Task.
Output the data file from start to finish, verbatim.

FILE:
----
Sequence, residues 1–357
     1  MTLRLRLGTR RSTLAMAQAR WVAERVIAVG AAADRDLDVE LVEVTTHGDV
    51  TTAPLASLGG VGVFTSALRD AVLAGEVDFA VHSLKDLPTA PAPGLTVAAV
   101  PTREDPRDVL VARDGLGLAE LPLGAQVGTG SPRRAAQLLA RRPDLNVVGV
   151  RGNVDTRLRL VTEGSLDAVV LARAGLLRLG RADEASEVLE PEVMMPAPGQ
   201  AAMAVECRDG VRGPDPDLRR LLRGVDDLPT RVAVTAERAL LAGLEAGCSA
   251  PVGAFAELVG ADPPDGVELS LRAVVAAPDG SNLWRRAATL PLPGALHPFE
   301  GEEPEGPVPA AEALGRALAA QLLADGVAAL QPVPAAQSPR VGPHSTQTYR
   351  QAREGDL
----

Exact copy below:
Sequence, residues 1–357
     1  MTLRLRLGTR RSTLAMAQAR WVAERVIAVG AAADRDLDVE LVEVTTHGDV
    51  TTAPLASLGG VGVFTSALRD AVLAGEVDFA VHSLKDLPTA PAPGLTVAAV
   101  PTREDPRDVL VARDGLGLAE LPLGAQVGTG SPRRAAQLLA RRPDLNVVGV
   151  RGNVDTRLRL VTEGSLDAVV LARAGLLRLG RADEASEVLE PEVMMPAPGQ
   201  AAMAVECRDG VRGPDPDLRR LLRGVDDLPT RVAVTAERAL LAGLEAGCSA
   251  PVGAFAELVG ADPPDGVELS LRAVVAAPDG SNLWRRAATL PLPGALHPFE
   301  GEEPEGPVPA AEALGRALAA QLLADGVAAL QPVPAAQSPR VGPHSTQTYR
   351  QAREGDL